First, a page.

Wednesday, December 17, 2008

Acorus calamus Linn.

Family : Araceae

Synonym(s) : Acorus griffithii Schott., Acorus belangeii Schott, Acorus casia Bertol.

English Name : Sweetflag, Calamus, Grass myrtle, Myrtleflag, Rat root, Sweet grass, Sweet myrtle, Sweet rush and Cinnamon Sedge

Origin : Europe, Asia, North America

A strongly aromatic semi-aquatic perennial herb; rhizomes creeping, jointed, somewhat vertically compressed, 1.3 to 2.5 cm thick, pale to dark brown and spongy inside. Leaves narrow, up to 80 cm long, linear to narrowly ensiform, glossy bright green, apex acute, base amplexicaul; petioles sheathing for 20 to 50 cm. Flowers pale green, fragrant, arranged compactly on a sessile, cylindrical, stumpy spadix 5 to 7 cm long. Fruits (berries) green, angular, 3-celled, fleshy, containing 1 to 3 oblong seeds.

Wetlands of Europe, Asia, Asia Minor, India and North America.

Parts Used : Rhizome, leaves, shoot and fruit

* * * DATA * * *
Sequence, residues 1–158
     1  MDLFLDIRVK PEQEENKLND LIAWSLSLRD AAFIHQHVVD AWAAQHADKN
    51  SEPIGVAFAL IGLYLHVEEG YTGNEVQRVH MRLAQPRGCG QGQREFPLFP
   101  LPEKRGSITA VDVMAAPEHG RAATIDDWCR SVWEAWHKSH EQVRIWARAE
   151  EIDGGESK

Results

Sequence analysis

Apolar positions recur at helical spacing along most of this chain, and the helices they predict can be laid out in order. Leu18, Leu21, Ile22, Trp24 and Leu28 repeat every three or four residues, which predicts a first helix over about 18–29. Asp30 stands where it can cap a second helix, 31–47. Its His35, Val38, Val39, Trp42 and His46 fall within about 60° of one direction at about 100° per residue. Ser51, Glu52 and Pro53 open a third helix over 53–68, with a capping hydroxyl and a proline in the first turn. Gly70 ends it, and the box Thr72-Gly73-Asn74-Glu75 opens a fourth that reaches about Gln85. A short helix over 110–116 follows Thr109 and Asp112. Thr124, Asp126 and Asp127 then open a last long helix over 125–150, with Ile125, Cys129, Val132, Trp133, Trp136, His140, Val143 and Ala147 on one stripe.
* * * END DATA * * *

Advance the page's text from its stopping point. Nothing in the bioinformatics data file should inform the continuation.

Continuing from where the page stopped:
Herb Effects
Analgesic, sedative, anthelmintic, antispasmodic, anticonvulsant, antidiarrheal, antirheumatic, antiseptic, aphrodisiac, purifies the blood, carminative, diaphoretic, diuretic, emetic, expectorant, reduces fever, hemostatic, laxative, kills fleas and lice.

Active Ingredients
1-8,Cineole, alpha-asarone, alpha-pinene, alpha-terpineol, azulene, beta-asarone, beta-elemene, beta-pinene, camphene, camphor, choline, delta-cadinene, elemicin, ethanol, eugenol, furfural, isoeugenol, limonene, menthol, menthone, methyl-eugenol, methyl-isoeugenol, p-cymene, terpinen-4-ol, terpinolene (rhizome); alpha-humulene, acoric acid, alpha-terpinene, ascorbic acid, borneol, butyric acid, gamma-terpinene, methyl-chavicol, myrcene, ocimene, oxalic acid, palmitic acid, tannin, trans-anethole (plant).

Medicinal Use
Asthma, bronchitis, for burns, cancer, catarrh, colds, cough, sore throat, colic, constipation, diarrhea, dysentery, indigestion, epilepsy, fever, flatulence, gangrene poisoning, headache, hemorrhages, nerve problems, odontosis and in parturition.

Caution should be used with concomitant use of benzodiazepines, barbituates, MAO inhibitors and anticonvulsants (Opdyke 1977). Acorus is emetic in large doses. Avoid the use of the Asian (3n, 4n) species in clients with liver dysfunction due to the beta-asarone content (Weiss 1988). Acorus calamus should probably not be used in pregnancy.



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